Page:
Before we start any discussion about the topic, the first thing that we should be aware of – What is Treasury?
In simple language treasury is a fund or revenue of an organisation. Thus, Treasury Management of an entity basically consists management of its cash flows, its banking, money and capital market transactions & effective control of the risks associated with those activities.
2. Audit Objective
As this area deals with the funds of an entity, it is very much prone to financial frauds. Thus, while dealing with this area the auditor should possess a better understanding of the transactions in this area. Some of the audit objectives that an auditor should observe are noted below:-
- To ensure the entity has proper policy and procedure in place for all the treasury activities.
- To ensure the entity has appropriate access control in place in the treasury department.
- To ensure the entity has safeguarded the information and documents related to treasury functions.
- To vouch that the entity has properly recorded all the transactions in the books of accounts.
- To verify that authorised person is reconciling the accounts at regular intervals, any difference noted is properly dealt and the same has been reviewed as per the Entity’s policy.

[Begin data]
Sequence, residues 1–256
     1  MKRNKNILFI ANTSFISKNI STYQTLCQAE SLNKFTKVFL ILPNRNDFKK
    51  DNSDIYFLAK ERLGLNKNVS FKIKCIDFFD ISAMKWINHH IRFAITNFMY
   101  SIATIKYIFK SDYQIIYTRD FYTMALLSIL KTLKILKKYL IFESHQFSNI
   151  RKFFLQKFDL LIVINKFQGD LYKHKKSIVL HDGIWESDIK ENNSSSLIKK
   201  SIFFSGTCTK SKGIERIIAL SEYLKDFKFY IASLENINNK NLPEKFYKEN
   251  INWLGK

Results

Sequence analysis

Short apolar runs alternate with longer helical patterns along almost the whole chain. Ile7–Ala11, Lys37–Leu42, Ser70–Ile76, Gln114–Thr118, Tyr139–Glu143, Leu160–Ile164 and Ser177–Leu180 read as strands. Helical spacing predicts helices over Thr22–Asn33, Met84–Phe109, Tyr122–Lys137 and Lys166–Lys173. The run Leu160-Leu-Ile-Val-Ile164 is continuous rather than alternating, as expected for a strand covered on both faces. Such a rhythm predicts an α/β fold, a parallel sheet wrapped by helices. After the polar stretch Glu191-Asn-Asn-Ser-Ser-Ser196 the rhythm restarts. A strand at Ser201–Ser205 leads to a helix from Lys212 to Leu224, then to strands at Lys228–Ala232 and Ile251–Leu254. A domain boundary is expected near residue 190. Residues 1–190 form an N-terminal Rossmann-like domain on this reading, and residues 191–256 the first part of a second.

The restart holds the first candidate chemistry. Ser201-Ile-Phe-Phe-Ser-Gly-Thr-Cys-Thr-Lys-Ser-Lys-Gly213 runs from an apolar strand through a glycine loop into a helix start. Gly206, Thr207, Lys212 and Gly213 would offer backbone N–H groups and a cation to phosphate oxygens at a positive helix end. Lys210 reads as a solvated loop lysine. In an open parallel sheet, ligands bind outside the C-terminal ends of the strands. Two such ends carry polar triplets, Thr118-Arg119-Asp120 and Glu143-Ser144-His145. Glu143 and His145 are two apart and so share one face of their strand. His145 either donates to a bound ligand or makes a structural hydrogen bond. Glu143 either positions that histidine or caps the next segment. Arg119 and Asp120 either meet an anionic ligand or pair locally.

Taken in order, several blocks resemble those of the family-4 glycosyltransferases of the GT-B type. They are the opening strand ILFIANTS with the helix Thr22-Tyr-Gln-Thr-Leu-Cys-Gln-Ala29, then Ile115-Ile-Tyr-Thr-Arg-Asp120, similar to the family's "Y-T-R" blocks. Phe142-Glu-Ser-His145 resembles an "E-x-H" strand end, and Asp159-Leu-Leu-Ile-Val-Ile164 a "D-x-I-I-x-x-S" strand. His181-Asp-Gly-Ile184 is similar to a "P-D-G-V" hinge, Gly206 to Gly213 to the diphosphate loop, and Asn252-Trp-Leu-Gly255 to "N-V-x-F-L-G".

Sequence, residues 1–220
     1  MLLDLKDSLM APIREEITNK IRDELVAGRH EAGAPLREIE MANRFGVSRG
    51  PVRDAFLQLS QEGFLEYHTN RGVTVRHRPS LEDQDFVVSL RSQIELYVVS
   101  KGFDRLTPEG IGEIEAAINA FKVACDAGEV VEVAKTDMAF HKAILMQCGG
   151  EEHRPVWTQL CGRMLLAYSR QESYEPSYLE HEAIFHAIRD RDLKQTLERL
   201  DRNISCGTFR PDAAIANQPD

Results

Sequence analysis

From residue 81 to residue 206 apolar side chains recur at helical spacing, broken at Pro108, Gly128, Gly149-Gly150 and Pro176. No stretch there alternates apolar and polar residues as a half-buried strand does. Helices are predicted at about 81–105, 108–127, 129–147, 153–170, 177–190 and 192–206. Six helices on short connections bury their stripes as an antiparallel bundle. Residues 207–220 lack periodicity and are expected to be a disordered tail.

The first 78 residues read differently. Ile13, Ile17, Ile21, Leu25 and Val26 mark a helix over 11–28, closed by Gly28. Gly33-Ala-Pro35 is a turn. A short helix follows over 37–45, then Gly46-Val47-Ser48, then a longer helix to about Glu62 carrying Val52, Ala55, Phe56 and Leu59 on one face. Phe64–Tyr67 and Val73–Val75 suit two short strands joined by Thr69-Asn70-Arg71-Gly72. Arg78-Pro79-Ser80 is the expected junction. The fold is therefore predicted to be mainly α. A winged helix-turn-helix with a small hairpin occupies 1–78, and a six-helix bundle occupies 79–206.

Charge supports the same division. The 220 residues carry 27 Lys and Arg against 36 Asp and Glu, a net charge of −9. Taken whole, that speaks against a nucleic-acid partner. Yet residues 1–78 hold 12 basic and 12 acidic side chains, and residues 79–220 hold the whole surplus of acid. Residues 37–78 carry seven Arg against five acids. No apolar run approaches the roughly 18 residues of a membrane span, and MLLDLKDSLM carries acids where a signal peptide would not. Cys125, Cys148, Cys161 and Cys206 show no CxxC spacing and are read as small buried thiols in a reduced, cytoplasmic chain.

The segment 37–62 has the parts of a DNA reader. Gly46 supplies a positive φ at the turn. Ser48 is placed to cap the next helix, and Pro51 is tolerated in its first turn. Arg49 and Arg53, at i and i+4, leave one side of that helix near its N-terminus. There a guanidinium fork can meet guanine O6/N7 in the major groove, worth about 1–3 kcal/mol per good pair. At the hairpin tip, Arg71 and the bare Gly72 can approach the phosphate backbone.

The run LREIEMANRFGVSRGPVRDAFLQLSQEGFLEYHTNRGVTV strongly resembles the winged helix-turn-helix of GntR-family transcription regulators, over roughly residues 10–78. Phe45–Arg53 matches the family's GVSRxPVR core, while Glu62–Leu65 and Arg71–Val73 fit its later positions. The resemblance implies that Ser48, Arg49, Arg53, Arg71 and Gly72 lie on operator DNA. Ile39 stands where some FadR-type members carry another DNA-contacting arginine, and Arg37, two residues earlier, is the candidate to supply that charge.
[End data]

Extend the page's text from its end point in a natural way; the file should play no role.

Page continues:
- To enquire that entity maintains short and long term budget of required funds and has also identified the sources of those required funds.
- To ascertain that the Entity has taken decisions on the basis of best options available.
3. Some Audit Areas and Steps for Auditing
a) Cash Credit Account
Cash credit account is one of the primary sources of funding working capital requirements of an entity. Generally to secure their risk banks hypothecate accounts receivables and inventories of the borrower. Key points to be checked:
- Go through the sanction letters for each cash credit account and document the important terms & conditions. Check adherence with those terms & conditions any deviation of which may increase credit risk of the Entity. Asses those identified risks.
- Ensure that the Entity has communicated to appropriate authority in case of non – adherence with the above terms & conditions.
- Ensure that the Entity has utilised the borrowed funds to fulfil its working capital requirements.
- Verify that the bank has set the drawing power of the cash credit facility as per the sanction letter issued to the Entity.
- Ensure the Entity does a periodical check of the bank charges levied by the bank.
b) Term Loan